The challenges of freemium broadcasting include an economic dimension, hence the emergence of targeted advertising. But it is key not to neglect the quality of the broadcast because in the end there is no advertising revenue with a disappointing viewer experience.
Finally, the main issue related to the online distribution of niche sports is more about the economic equation as a whole and cost control in a fragmented market environment limited in volume. This question shifts the technical issue upstream in the workflow, especially on the means of production, which are traditionally human resources consuming. As far as the distribution is concerned, the challenge is to address an audience that is both limited and potentially geographically dispersed.
The online live broadcasting of a sporting event requires considerable infrastructure. Are the streaming platforms ready for this kind of content?
The quality of the online sports streaming has improved significantly in the last years: the platforms generally offer better bitrate and lower buffering.
However, this progress should not hide the fact that there is still a long way to go: whether it is in terms of image quality - especially on the main screen -, buffering, latency or even continuity of service, the performance and robustness of the streaming platforms are not yet up to the standards we have been used with the traditional over-the-air linear broadcast. This is especially true for high-audience sporting events.
That's the challenge of streaming a mainstream sports event: being able to deliver the same high-end user experience to each viewer, whether there are 1,000 or 500,000 viewers connected simultaneously. The main technical challenge of the streaming platform lies in its scalability in an extremely constrained timeframe.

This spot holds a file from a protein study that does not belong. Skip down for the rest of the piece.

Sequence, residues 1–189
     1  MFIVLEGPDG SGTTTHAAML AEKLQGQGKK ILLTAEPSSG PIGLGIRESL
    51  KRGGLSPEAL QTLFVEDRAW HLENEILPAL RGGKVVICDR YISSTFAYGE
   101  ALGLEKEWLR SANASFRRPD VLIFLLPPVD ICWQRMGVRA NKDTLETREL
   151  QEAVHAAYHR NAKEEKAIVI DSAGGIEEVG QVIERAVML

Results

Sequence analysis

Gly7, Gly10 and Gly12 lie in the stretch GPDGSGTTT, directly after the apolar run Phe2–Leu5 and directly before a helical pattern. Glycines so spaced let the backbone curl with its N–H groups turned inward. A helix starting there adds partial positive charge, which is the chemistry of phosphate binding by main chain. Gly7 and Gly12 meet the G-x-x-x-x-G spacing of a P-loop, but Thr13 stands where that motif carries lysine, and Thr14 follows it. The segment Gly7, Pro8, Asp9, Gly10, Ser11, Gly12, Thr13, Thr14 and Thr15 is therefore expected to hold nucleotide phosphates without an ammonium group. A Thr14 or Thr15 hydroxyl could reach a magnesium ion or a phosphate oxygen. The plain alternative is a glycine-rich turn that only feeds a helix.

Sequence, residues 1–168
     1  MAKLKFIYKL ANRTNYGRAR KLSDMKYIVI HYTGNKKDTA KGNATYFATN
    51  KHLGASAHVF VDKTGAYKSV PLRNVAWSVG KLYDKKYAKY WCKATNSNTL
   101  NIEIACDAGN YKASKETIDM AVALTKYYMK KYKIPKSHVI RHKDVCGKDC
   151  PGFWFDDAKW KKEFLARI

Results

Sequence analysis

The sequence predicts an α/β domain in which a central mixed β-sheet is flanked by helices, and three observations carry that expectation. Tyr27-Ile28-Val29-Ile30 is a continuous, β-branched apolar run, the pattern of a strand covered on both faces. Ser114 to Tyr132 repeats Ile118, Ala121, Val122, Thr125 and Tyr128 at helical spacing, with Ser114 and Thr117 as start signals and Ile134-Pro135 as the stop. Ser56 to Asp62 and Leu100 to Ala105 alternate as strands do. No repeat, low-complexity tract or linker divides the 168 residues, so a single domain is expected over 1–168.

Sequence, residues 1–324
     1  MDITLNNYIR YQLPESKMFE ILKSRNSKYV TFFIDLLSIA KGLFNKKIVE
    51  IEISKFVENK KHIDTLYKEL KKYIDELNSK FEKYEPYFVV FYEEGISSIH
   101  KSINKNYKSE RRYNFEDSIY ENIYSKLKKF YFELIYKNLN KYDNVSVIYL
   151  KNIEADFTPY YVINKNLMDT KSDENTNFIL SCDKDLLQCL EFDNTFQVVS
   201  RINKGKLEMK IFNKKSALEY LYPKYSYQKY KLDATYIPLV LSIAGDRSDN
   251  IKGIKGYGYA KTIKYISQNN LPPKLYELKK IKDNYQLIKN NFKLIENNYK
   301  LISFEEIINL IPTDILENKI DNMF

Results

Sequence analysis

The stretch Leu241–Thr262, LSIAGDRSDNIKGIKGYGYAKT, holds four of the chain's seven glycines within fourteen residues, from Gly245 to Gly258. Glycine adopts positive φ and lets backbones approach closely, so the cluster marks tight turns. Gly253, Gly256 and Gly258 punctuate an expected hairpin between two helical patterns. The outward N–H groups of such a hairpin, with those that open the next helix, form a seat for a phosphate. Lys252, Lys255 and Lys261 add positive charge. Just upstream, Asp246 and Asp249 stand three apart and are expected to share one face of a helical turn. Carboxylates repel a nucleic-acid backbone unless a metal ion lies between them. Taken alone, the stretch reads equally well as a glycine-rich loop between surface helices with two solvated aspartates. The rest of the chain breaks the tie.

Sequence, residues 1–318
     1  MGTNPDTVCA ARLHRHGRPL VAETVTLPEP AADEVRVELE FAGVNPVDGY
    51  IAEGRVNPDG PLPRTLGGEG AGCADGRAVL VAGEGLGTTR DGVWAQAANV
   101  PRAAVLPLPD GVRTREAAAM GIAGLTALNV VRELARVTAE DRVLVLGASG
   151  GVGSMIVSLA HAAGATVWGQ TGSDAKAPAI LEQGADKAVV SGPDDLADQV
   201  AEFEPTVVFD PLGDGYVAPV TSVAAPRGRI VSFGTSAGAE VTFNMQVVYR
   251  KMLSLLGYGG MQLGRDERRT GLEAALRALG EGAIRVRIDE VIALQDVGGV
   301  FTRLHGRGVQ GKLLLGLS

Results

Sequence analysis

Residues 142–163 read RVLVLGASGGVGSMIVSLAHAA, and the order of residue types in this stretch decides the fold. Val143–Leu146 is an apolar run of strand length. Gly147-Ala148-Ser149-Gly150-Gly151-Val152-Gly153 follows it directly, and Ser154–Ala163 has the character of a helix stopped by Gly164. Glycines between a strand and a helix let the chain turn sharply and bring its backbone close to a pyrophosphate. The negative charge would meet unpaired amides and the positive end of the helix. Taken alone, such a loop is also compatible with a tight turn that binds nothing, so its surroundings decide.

Cloud approaches and containerization technologies have greatly contributed to deliver this scalability. However, OTT platforms have not yet reached the age of maturity: despite all the efforts to achieve redundancy, video workflows still present many SPOFs (Single Point Of Failure) and networks still include many congestion points, especially at peering points during major events.
Indeed, the question arises as to which streaming architecture will support better the scalability related to UHD and 5G networks. Will the current streaming infrastructures be able to support this qualitative and quantitative evolution without massive investments? Nothing is less certain.
Trends based on the distributed architectures are already emerging: edge computing technologies, for example, aim to shift certain video workflow functions previously centralized closer to the end user.
With this approach, some technologies decentralize workflow functions directly to the end user point: the technology developed by Streamroot - as of today widely used in particular by the main French broadcasters - relies on the mesh network - constituted by the viewers - to stream a large part of the video traffic traditionally delivered by CDNs which allows improving the quality of the video streaming experience.
These client-distributed or edge approaches, which mitigate the risks of "overheating" of the platforms and increase their resilience, have a bright future ahead of them.